Gordon Castle head chef James Mackie gives his take on the ideal breakfast for gin lovers with this recipe for Gin Cured Salmon Royale.

  • 12 hours (for curing) + 20 mins
  • 4
  • Hard
Gordon Castle Walled Garden in Speyside is one of the oldest and largest working kitchen gardens in the country. At an impressive eight acres, the restoration project of Angus and Zara Gordon Lennox has seen the 15th century plot transformed into a café, shop and luxury brand. Head chef at Gordon Castle Walled Garden, James Mackie, loves to utilise the garden produce in all of his dishes and ensures the café practices the ‘Plant, Pick, Plate’ ethos as much as possible. His favourite product of the moment is gin and has created a breakfast of champions for gin and salmon lovers the world over.

Ingredients

  • Gordon Castle Gin cured salmon
  • 1 salmon side, skin on
  • 80g sugar
  • 150g Hebridean Sea Salt
  • 50g table salt
  • 120ml of Gordon Castle botanical gin
  • A large handful of dill
  • A few mint leaves
  • 5g Lavender
  • A sprig of rosemary
  • 1 tbsp crushed juniper
  • 1 tbsp crushed pink peppercorns
  • Zest and juice of 3 limes
  • Tonic soda bread
  • 500g wholemeal flour
  • 200g oats
  • 20g salt
  • 10g fennel seed
  • 1 tsp baking powder
  • 1/2 tsp bicarbonate of soda
  • 300g black treacle
  • 100ml premium tonic water
  • 500ml milk
  • Hollandaise Sauce
  • 3 egg yolks
  • 4 table spoons white wine vinegar
  • 1 bay leaf
  • 2 peppercorns
  • 200g butter
  • Juice of half a lemon
  • Pinch of salt

Method

Gin Cured Salmon Royale from Gordon Castle

1. To cure salmon, begin by trimming and pinning (remove bones and trim fat if required) the meat. Chop and crush the herbs and spices to release the flavours.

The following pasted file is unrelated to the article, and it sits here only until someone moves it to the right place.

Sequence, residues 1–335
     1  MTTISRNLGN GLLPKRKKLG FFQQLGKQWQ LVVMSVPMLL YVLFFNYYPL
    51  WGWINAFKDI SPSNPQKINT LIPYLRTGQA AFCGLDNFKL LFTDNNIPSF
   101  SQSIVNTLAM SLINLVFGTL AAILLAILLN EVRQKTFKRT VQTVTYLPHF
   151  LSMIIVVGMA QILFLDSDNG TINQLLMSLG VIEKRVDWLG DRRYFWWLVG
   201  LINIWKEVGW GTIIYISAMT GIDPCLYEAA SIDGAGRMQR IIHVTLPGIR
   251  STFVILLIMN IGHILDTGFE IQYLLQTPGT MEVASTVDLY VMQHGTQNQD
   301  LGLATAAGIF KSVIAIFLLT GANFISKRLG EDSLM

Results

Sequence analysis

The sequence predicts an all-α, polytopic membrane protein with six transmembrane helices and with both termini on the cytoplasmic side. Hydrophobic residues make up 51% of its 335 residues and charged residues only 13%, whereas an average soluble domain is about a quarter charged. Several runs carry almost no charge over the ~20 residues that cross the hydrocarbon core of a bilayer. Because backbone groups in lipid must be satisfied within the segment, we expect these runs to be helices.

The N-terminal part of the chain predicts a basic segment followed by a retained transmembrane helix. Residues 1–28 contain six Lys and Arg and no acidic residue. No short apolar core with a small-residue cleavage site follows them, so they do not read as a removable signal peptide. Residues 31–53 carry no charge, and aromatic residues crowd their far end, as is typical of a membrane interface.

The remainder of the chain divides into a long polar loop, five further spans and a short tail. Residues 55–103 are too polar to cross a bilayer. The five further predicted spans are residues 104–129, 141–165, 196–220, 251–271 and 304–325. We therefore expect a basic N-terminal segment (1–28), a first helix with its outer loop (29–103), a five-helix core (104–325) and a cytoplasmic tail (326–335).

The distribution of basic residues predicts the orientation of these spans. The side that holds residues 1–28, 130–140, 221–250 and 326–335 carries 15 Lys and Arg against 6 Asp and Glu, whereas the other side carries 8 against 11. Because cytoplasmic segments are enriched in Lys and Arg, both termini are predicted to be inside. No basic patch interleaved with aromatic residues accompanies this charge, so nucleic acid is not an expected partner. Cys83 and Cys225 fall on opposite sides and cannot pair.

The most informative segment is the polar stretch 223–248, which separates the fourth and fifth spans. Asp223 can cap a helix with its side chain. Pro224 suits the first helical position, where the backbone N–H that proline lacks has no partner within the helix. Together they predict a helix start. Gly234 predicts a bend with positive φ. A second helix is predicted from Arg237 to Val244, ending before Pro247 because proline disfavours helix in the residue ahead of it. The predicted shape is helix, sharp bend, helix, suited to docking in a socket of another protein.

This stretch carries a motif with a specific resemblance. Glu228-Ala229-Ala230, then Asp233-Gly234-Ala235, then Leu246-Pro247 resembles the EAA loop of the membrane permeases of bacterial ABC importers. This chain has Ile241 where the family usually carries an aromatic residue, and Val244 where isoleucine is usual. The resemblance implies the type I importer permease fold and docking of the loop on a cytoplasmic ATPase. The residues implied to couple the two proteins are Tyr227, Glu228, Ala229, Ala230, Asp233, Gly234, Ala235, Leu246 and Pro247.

2. From there, mix the salt, sugar, herbs and gin together. Then layer four sheets of cling film, one on top of the other, a few inches longer than the side of the salmon (this removes the “static” from the cling films and makes it become more workable).

3. Spoon the mix on your cling film sheet, and lay salmon skin side down over it, spread the rest of the curing mix over the top and wrap tightly. Place in a deep tray or dish.

4. Allow to cure for 12-16 hours in the fridge (a longer curing time gives you a firmer texture). Meanwhile, you can crack on with the tonic soda bread.

5. Mix all the dry ingredients before adding the milk and tonic. Put your dough in to a greased loaf tin and bake for 45 minutes at 170c. Allow to cool.

6. Once the salmon has cured, wash the marinade from the meat, and dry with kitchen paper. Dice the salmon into small 1cm cubes.

7. When you’re almost ready, it’s time to make the hollandaise sauce. Start by reducing the vinegar in a pan with the bay and peppercorn, strain and set aside. Blend the egg yolks in a food processor with the lemon juice and slowly incorporate the vinegar reduction.

8. Melt the butter until it separates; slowly add the butter to the yolk and vinegar until it starts to thicken. Finish with a splash of gin and season to taste.

9. Serve the tonic soda bread toasted, with the salmon, a poached egg and the gin hollandaise.

About The Author

Sean Murphy

Driven by a passion for all things whisky-related, Sean writes for The Scotsman extensively on the subject. He can also sometimes be found behind the bar at the world famous Potstill bar in Glasgow where he continues to enhance his whisky knowledge built up over six years advising customers from all over the world on the wonders of our national drink.

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About The Author

Sean Murphy

Driven by a passion for all things whisky-related, Sean writes for The Scotsman extensively on the subject. He can also sometimes be found behind the bar at the world famous Potstill bar in Glasgow where he continues to enhance his whisky knowledge built up over six years advising customers from all over the world on the wonders of our national drink.